First day back at “work” today. I am taking advantage of being on East Coast Time and getting up early…or I have been the last couple of days, at least. Let me be the first to tell you that it’s pretty rough here in Seattle when the sun, she comes up at eight, and the sun, she goes down at four. Now, in six months I will be crowing that I love getting to have three lunches per day because the afternoon lasts sooooo long. That’s great. Right now, I only wish I was some sort of raver or goth-type person, so as to be able to rejoice in the dark splendours of the night for three times as long as usual. Instead, I am but a poor sun-deprived polar-fleece wearing person, wishing I had a window in my office upon which to press my nose, vainly trying to see the sun.
Okay, before I go on any further, let me talk about my “job” for a second here. There are two things you should know about this job. One is, I’m very grateful to have it at all, as I have been in the unenviable position of realizing what every panhandler knows: a little money is better than no money at all. I’m also grateful that there’s a bus from (near) my house to where I work, which happens to be where I went to grad school, and that I have an office with a door that closes and get to wear jeans and the aforementioned polarfleece every day.
The second thing you should know is how much I loathe going to work every day. Part of what I loathe about it is that I have to feel the feelings I outlined for you up there in the previous paragraph: I know I’m sort of lucky to have this job. I was unemployed all summer. Right before I went to Miami for Christmas, I was turned down for a job at an agency I totally wanted to work for. I had the neccesary degree, I got a great recommendation, I know someone who works there and…and! The Boss Also Has An Office Across From Mine, In Addition to His Office At This Other Agency. So I had even met him before and said hi and everything. In fact I saw him in the mailroom this morning. Everyone who interviewed me seemed to really like me, I made it to the second round of interviews (three people out of eighteen applicants!), I sent a thank-you note, the whole thing. Nope, still at this other gig.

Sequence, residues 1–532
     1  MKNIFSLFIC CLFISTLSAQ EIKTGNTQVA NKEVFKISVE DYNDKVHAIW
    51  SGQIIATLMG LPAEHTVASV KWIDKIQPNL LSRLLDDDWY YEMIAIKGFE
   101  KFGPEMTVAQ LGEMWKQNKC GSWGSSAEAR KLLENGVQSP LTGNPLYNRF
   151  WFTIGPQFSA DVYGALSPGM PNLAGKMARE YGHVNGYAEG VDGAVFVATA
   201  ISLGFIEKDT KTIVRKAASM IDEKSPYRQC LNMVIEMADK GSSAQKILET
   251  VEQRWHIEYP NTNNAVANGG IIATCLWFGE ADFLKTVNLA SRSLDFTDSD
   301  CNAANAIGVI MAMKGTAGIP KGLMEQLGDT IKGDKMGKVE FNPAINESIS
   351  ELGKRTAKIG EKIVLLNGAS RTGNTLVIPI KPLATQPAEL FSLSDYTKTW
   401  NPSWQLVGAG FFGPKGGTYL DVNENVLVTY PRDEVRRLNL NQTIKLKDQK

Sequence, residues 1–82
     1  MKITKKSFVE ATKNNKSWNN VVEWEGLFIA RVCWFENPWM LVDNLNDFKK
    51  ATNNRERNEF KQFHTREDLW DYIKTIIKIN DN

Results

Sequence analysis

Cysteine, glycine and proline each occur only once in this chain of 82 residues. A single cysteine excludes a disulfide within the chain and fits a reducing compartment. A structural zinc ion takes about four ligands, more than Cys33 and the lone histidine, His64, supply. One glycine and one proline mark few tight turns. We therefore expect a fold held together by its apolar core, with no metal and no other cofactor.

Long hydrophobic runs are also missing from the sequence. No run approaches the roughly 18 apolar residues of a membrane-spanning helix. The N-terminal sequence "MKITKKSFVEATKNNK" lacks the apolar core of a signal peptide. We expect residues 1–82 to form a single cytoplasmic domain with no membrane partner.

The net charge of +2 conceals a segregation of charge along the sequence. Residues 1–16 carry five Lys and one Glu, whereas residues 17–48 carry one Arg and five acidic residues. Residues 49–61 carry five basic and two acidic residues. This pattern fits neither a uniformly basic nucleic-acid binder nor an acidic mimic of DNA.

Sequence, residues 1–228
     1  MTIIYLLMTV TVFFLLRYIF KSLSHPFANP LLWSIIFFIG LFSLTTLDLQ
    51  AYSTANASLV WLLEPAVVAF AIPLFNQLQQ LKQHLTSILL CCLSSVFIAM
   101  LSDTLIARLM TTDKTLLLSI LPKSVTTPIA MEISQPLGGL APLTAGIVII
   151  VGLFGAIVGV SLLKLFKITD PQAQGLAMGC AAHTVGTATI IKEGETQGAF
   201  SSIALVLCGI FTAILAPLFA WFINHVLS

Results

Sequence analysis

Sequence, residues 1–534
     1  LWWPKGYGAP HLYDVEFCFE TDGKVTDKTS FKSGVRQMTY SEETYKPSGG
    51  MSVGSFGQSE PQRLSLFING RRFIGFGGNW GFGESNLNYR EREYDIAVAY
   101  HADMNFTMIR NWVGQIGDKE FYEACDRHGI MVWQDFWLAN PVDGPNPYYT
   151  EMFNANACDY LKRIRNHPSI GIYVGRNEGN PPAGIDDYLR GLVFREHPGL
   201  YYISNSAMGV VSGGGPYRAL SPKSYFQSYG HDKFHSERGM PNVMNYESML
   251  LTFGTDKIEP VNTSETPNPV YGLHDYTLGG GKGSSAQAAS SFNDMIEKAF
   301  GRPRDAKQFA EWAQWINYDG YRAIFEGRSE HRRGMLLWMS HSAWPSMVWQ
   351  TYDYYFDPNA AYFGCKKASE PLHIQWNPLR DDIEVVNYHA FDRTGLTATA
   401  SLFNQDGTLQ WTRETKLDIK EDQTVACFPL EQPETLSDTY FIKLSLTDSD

By the way, let me just say that when The Boss called me to tell me that, um, I suck and I didn’t get the job, I was home, super sick with some sort of freak flu thing that made it impossible for me to sit, stand, crouch, huddle, squat, or lie in any position for more than fifteen minutes because my muscles were so sore. So I wasn’t really in the mood anyway to hear that my qualifications were excellent, but they’d decided to offer the job, after a very difficult decision-making process, to someone else. Especially since this was, in fact, the third time I’d made it almost there with a job I didn’t actually get.
But that’s okay. I’m still going to stay on his good side whenever I see him in the mailroom, because you never know, right? Right.
Anyway, all I really want to say about the job I currently have is that it is very simple yet highly…uh…exacting isn’t quite the word I want, nor is demanding. “Detail-oriented” isn’t either. Man. Maybe I’ll just say “annoying.” Yes, annoying sums it up rather nicely. I work as a research assistant for a very smart person who used to be my professor and who thought I was very smart until I started working for her. I do a lot of library work and database searches and data entry and I proofread things for her and I copy things for her and I download things for her and I distribute questionnaires and do phone interviews and I sneak some web time and I eat lunch at my desk. I also act, occasionally, as her public relations department, as she can be…eccentric, as we traditionally describe professors of her type. I end up explaining that she didn’t really mean it like that to various computer lab workers and receptionists and administrators. I have seen them all shoot me looks of mingled pity and horror when I’m walking around with her.